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Edgar R.R. Parker
Tynemouth Creek, New Brunswick, Canada
|Died||1952 (aged 79–80)|
Painless Parker (born Edgar R.R. Parker; 1872–1952) was a Canadian-born street dentist described as "a menace to the dignity of the profession" by the American Dental Association. However, "Much of what he championed—patient advocacy, increased access to dental care, and advertising—has come to pass in the U.S."
Parker was born in Tynemouth Creek, New Brunswick, Canada. He studied at Acadia University in Wolfville, Nova Scotia and the Baptist Seminary in St. Martins, New Brunswick, but was expelled from both. He worked as a cook on a ship and as a travelling merchant before deciding to pursue medicine. Finding the costs prohibitive, he instead enrolled at the New York College of Dentistry. While in New York, he began offering his services through door-to-door dentistry, but when the college found out, he was expelled. From there, he went to the Philadelphia Dental College, which would become the Temple University School of Dentistry. He earned his diploma in 1892. He returned to New Brunswick to start work as a dentist. After six weeks without a single patient, he decided to advertise. He hired one of P.T. Barnum's ex-managers to help him take his practice on the road. Parker travelled across Canada before finally settling in Brooklyn, New York, in the late 1890s. He created the Parker Dental Circus, a traveling medicine show with his dental chair on a horse-drawn wagon while a band played. The band attracted large crowds and hid the moans and cries of patients who were given whiskey or a cocaine solution that he called "hydrocaine" to numb the pain. He charged 50 cents for each extraction and promised that if it hurt, he would pay the patient $5.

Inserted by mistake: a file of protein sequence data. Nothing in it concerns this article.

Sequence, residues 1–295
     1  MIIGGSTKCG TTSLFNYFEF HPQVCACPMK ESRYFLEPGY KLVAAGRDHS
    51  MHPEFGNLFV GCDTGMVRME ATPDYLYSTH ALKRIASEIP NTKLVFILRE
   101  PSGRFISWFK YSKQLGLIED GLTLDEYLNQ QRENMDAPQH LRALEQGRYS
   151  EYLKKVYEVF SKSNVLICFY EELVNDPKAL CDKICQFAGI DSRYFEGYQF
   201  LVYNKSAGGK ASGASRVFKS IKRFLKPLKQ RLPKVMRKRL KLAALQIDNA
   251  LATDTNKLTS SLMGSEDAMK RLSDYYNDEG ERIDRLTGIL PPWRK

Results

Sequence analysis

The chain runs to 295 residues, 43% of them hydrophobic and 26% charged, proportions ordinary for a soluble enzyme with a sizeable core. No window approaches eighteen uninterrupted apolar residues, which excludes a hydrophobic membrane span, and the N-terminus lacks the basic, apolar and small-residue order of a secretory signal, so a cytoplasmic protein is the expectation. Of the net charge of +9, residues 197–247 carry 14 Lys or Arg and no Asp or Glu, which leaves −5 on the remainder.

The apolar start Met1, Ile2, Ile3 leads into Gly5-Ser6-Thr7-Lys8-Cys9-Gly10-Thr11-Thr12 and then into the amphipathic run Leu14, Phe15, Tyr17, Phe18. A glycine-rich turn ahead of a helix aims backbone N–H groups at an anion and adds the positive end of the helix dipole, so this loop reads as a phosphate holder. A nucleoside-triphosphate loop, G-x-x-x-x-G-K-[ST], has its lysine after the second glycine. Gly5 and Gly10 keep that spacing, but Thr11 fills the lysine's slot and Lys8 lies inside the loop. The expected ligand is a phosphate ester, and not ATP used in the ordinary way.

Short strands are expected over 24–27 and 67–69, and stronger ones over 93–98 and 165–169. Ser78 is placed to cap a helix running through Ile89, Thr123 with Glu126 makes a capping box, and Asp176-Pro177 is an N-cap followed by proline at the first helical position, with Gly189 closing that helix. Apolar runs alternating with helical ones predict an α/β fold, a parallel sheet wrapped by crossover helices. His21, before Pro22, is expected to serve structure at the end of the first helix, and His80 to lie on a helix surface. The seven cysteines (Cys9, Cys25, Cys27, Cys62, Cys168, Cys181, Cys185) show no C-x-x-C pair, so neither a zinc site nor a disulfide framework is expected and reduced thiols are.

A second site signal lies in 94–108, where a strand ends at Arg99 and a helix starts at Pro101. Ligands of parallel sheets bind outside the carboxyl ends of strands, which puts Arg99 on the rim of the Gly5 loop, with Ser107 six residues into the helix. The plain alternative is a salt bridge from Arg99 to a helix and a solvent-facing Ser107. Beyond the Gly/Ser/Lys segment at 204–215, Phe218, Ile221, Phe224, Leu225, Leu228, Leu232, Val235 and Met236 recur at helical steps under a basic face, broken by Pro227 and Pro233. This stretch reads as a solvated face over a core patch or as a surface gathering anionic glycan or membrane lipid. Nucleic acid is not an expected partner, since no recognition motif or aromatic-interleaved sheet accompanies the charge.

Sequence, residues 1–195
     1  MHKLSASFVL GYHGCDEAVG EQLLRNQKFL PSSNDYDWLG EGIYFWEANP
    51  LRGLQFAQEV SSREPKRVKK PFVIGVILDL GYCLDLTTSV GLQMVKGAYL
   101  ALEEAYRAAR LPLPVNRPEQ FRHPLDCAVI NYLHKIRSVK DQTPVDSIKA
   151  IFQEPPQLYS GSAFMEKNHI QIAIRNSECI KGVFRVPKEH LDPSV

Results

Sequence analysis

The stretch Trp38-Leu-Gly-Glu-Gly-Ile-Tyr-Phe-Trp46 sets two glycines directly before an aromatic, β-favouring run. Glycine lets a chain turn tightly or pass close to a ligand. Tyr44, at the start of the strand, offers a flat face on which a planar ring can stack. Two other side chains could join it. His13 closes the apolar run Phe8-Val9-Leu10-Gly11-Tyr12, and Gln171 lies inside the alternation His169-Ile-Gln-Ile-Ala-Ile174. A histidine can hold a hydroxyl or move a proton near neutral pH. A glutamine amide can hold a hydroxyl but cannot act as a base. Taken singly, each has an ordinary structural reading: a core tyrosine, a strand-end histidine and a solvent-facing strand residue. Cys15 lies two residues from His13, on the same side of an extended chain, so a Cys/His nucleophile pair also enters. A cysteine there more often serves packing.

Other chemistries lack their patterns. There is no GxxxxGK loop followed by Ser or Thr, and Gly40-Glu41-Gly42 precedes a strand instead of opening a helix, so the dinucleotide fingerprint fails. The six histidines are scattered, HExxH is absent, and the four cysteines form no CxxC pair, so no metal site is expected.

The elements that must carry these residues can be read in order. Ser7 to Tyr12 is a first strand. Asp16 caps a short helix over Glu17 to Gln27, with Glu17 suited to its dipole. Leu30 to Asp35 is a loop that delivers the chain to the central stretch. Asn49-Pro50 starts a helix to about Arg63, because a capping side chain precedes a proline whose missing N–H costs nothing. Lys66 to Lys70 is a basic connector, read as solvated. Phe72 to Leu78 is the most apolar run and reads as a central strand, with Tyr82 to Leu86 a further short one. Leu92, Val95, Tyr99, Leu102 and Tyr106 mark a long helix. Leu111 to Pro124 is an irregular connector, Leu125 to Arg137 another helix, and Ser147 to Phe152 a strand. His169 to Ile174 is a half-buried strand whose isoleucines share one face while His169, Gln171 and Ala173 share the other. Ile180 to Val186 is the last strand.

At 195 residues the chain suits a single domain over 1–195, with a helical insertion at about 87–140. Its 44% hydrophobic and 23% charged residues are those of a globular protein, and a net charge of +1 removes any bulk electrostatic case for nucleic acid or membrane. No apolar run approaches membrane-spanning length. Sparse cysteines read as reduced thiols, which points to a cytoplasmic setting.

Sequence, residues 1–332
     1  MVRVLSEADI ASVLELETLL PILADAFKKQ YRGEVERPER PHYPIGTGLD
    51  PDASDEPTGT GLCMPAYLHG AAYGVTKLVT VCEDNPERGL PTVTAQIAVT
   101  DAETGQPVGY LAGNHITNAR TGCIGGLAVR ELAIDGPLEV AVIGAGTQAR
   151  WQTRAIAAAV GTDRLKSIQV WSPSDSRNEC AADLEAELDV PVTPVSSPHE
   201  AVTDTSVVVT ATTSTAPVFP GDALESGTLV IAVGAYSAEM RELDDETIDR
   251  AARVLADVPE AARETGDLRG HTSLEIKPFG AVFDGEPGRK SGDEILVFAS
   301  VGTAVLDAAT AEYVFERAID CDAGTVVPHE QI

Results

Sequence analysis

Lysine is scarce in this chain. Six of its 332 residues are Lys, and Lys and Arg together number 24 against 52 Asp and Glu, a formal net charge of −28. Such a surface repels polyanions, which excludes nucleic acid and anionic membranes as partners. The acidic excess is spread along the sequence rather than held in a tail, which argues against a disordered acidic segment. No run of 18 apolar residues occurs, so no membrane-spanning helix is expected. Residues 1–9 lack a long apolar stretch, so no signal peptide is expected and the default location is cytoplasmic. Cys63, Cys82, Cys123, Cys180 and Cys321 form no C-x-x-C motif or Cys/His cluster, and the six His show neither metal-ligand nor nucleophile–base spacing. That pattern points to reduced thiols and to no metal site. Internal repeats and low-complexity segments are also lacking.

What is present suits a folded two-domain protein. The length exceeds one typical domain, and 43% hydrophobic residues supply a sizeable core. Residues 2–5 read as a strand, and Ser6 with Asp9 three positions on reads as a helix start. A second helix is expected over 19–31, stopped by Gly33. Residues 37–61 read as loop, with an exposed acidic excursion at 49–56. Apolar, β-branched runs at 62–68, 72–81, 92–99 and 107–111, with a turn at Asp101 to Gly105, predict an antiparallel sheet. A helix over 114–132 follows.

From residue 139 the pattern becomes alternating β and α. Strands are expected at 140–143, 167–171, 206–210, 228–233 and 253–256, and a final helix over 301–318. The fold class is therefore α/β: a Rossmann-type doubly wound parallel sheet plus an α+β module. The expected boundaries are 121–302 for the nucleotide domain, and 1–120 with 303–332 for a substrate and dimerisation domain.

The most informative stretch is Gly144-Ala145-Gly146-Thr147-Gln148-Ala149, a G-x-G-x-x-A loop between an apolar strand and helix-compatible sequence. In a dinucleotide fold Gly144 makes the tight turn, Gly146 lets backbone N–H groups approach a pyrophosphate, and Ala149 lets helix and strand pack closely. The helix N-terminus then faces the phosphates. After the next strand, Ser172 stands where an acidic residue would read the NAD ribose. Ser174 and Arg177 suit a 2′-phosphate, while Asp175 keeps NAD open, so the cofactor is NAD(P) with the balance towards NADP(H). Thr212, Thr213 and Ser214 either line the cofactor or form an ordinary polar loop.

At one point, he claimed to have pulled 357 teeth in one day, which he wore on a necklace. He legally changed his first name to "Painless" when he was accused of breaking a false advertisement law by claiming that his dentistry was truly painless. When business thrived, he hired assistants and established a chain dentistry business. In the end, Parker ran 28 West Coast dental offices, employing over 70 dentists, and grossing $3 million per year.
Parker is mentioned in the song "Orange Claw Hammer" by musician and poet Don Van Vliet. The Historical Dental Museum at the Temple University School of Dentistry has a display dedicated to Parker, with his necklace of 357 teeth and a large wooden bucket filled to the brim with teeth that he had personally pulled. The bucket of teeth sat by his feet as he lectured the crowds on the importance of dental hygiene.
- "The quack street dentists of New York City". Ephemeral New York. Retrieved 12 December 2012.
- Austin, Donna. "Was He Really Painless? Painless Parker". Cupertino News. Archived from the original on March 4, 2014.
- Avery, Ron. ""Painless Parker's" Bucket of Teeth". ushistory.org.
- Thuras, Dylan; Enemark, Michelle. "Painless Parker's Dental Circus". britannica.com. Retrieved 7 July 2021.
- SCLANDERS, IAN. "PAINLESS PARKER | Maclean's | DECEMBER 15, 1949". Maclean's | The Complete Archive. Retrieved 2022-10-02.
- "Early Adventures of Painless Parker" by Peter M. Pronych and Arden G. Christen, Miramichi Books, Canada.
- "The Adventures of Painless Parker", a web comic, by Zoe Piel
- "The Saga of Painless Parker", the Dentistry iQ Network
- "Painless Parker: Part dentist, part showman, all American", BBC Magazine 11 May 2015
- "Street Dentist Painless Parker", an American history podcast, by Dave Anthony and Gareth Reynolds
- Painless Parker, A Dental Renegade's Fight to Make Advertising Ethical by Arden G. Christen and Peter M. Pronych (self published book, published 1995) printed in Canada 492p. ISBN 1-885873-01-8 (out of print)